Rockabilly Hall of Famer Billy Adams dies at 79
NASHVILLE, Tennessee — Rockabilly Hall of Famer Billy Adams, who wrote and recorded the rockabilly staple “Rock, Pretty Mama,” has died. He was 79.
Adams died Saturday in Westmoreland, Tennessee. His funeral was held Monday in Spring Hill, Tennessee, said Clif Doyal, Adams’ publicist and manager.
Born in Redbush, Kentucky, Adams was one of 14 children and the son of a coal miner who worked in the Van Lear coal mine, the same place that Loretta Lynn sings about in “Coal Miner’s Daughter.”
Adams told Public Radio International for a series they did on rockabilly music, that with no money for instruments, he strummed a lard bucket like a guitar and listened to Bill Monroe on the Grand Ole Opry radio program.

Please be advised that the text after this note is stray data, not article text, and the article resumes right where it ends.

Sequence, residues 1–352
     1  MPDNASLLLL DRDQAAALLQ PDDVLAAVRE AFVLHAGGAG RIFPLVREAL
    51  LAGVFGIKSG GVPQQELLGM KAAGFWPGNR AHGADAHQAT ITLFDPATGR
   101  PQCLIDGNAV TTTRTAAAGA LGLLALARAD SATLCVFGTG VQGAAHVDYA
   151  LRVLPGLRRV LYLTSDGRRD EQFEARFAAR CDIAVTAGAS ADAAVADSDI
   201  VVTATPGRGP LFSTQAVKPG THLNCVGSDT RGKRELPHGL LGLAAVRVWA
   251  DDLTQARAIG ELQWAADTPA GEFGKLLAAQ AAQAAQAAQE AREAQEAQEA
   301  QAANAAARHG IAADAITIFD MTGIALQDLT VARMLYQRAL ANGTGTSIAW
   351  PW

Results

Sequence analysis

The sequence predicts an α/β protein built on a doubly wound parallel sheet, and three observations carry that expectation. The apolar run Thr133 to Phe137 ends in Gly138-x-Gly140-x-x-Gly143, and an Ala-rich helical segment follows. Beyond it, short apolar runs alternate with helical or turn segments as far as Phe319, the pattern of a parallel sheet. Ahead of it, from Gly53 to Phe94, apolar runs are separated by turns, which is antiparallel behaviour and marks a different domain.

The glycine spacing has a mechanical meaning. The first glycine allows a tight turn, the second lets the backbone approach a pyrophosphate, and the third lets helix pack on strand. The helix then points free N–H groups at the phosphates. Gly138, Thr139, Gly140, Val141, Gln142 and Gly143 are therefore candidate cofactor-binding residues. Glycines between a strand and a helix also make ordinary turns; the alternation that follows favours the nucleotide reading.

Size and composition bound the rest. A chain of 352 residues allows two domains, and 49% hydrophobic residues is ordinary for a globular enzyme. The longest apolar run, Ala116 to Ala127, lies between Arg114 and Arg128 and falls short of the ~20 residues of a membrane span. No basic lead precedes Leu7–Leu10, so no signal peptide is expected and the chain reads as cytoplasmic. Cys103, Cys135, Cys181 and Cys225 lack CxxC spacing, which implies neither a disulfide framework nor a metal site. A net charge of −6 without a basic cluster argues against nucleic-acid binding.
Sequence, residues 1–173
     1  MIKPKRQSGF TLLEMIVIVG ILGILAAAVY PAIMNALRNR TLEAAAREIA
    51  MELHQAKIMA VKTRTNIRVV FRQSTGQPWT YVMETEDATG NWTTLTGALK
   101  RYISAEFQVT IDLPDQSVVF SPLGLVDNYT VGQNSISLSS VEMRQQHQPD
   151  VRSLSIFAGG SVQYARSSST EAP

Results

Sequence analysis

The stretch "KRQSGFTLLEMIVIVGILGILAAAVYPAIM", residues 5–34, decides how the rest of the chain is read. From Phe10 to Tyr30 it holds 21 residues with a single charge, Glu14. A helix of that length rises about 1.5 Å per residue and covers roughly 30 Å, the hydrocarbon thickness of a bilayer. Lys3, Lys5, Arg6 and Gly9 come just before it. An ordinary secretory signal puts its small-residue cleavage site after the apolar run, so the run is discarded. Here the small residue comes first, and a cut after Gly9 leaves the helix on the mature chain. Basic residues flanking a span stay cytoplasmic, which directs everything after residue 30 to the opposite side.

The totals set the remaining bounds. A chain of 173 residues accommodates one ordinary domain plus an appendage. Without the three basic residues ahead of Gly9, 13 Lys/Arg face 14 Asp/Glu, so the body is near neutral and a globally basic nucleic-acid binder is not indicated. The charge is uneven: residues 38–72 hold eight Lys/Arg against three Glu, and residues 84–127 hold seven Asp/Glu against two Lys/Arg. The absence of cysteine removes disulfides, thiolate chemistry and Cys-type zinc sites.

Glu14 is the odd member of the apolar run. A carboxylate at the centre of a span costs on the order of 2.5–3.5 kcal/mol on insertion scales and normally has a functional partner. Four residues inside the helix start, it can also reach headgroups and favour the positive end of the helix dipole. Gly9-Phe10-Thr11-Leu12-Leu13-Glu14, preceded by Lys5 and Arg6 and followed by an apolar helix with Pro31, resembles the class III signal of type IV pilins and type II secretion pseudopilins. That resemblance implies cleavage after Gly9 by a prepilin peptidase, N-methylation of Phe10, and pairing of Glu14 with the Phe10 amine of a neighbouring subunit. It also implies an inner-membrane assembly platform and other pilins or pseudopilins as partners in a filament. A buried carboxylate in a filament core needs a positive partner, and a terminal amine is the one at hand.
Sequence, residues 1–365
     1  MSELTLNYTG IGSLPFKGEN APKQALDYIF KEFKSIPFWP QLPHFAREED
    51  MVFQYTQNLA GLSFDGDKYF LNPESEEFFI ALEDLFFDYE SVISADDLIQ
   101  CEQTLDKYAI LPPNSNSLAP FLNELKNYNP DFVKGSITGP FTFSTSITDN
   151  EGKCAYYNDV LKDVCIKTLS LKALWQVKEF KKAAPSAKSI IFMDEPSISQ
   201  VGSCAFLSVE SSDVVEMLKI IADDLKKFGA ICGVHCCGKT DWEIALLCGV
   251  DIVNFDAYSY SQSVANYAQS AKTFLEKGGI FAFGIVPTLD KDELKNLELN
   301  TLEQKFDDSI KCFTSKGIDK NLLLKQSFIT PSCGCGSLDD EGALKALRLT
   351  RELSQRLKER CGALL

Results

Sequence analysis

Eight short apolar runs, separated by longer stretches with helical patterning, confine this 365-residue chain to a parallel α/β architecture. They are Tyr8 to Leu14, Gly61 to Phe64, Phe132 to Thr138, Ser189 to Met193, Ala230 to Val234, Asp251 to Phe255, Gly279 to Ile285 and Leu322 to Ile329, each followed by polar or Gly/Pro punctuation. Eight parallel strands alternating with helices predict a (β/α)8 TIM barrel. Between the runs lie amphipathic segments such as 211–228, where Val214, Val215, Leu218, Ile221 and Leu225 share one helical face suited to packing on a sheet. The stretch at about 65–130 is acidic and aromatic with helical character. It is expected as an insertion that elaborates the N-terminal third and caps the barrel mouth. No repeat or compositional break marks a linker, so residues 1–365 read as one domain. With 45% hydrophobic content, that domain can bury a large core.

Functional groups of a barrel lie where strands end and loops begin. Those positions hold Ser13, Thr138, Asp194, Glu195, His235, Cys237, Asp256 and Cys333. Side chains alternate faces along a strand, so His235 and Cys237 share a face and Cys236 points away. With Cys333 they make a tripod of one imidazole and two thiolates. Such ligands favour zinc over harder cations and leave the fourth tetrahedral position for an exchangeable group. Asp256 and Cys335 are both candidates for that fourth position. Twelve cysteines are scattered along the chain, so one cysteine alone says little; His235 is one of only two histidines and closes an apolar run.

Among other songs he recorded in the late ’50s include “You Heard Me Knocking,” ”True Love Will Come Your Way,” and “You Gotta Have a Duck Tail.”
Adams told PRI he was inspired to write “Rock, Pretty Mama,” listening to the sound of trains near his home. It was released in 1957 and was included in multiple compilations of rockabilly songs. He recorded a comeback record at Sun Studios called “Legacy” in 2000.
A 27-track collection of his songs also came out in 2002, which led to him performing at South by Southwest music festival and others. He also wrote and sang gospel music, and one of the songs he penned was “I Saw A Man,” a hit for the Happy Goodman Family.
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